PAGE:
The Virginia Rail Express, which runs near Washington DC, has always been making a profit, Christiansen said.
He added that trains would let people get where they're going faster.
He said train systems would need to be integrated into local transit system. People would need ways to get to train stations, and possibly need park-and-ride type locations to leave cars.
West Central Wisconsin rail plans
Christiansen said WCWRC is working with Union Pacific to create a fully, privately run rail system, running trips from Eau Claire to the Twin Cities. When initially started, the rail system would start in Eau Claire, and have stops in Menomonie and Hudson, then travel to Oak Park Heights on to St. Paul. Later, Christiansen said, WCWRC hopes to extend this line to Minneapolis, as phase two of the project.
The train would make four round trips per day, and would run about 1 hour 20 minutes from Eau Claire to St. Paul.
The train would run 79 miles per hour, which especially with traffic, would make travel faster for commuters, especially during rush hour.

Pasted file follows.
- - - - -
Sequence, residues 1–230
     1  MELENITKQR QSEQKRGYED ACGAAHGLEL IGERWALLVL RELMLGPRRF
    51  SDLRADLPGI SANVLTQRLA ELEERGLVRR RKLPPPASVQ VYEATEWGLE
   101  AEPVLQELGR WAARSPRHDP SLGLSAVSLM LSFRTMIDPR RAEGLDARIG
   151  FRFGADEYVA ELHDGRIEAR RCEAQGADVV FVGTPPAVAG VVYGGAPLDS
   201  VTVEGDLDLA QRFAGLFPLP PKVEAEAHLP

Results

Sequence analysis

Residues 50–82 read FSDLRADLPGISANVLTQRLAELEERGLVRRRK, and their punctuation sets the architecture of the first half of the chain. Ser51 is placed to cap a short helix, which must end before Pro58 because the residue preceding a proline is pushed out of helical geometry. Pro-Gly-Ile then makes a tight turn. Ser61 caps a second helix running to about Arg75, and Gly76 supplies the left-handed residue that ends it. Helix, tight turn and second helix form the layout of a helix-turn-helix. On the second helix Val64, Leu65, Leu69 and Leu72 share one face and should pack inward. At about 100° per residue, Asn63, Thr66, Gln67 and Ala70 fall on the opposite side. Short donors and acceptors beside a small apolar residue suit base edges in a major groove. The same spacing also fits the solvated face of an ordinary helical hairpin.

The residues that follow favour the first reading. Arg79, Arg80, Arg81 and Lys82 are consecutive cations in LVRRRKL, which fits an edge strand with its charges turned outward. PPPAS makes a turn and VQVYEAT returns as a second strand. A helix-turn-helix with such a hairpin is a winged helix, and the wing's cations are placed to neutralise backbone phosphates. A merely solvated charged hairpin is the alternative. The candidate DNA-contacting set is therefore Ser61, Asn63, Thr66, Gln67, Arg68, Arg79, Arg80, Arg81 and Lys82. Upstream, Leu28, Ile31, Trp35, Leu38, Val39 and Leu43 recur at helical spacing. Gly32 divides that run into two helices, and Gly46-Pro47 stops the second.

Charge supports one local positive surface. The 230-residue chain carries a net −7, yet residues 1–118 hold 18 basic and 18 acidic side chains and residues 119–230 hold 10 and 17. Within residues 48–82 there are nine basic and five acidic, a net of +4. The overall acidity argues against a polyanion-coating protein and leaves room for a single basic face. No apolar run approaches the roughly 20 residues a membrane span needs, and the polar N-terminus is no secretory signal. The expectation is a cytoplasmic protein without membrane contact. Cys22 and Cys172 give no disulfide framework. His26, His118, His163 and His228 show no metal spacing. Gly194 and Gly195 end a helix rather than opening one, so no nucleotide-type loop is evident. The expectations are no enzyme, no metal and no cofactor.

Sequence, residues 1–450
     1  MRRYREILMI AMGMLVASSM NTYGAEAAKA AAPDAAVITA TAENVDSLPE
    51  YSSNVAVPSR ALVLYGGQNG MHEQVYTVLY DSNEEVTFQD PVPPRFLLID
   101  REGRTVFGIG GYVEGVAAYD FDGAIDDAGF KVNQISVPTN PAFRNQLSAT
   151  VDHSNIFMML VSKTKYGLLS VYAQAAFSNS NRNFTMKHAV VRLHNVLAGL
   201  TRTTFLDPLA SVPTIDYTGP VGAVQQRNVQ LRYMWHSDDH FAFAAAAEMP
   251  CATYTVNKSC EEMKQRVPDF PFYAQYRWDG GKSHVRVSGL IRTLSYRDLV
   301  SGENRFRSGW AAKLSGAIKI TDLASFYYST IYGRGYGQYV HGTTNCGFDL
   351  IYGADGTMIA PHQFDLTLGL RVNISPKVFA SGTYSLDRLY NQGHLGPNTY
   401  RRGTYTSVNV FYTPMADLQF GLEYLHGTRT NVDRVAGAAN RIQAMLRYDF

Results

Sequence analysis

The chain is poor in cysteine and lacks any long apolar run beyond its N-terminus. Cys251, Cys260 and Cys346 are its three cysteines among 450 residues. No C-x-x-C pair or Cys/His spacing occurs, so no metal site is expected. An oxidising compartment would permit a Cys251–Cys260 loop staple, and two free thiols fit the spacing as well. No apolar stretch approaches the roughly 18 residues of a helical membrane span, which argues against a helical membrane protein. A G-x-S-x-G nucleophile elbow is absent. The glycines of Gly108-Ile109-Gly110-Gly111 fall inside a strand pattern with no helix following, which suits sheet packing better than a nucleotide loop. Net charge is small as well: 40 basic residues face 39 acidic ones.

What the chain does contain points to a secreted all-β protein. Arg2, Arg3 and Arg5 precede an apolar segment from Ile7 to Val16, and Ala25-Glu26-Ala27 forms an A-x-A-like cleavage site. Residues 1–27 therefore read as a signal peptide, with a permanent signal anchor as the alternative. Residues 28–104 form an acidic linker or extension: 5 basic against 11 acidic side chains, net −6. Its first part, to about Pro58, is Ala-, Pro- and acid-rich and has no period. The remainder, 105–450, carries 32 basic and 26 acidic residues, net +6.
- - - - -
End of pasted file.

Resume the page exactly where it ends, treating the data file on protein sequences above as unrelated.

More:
He said the train will have a seating capacity of a little more than 400, with three coach cars and one business class car. Stations would need to be developed along the way.
Projected one-way fare would be:
• $32 from Eau Claire to St. Paul
• $22 from Menomonie to St. Paul
• $7.50 from Hudson to St. Paul
• $5.5 from Stillwater (Oak Park Heights) to St. Paul.
The annual revenue is projected to be $13.5 to $15.8 million, Christiansen said, based on ticket fares.
The train cars themselves would be rented from a Chicago company.
Union Pacific has said the rails will need work before commuter trains can run on them. Christiansen said UP has agreed that if WCWRC hires a UP-approved consultant to determine what adjustments need to be made, then UP will sign a contract with WCWRC.
The consultant study is a $200,000 contract, Christiansen said, but $50,000 of that will need to be upfront.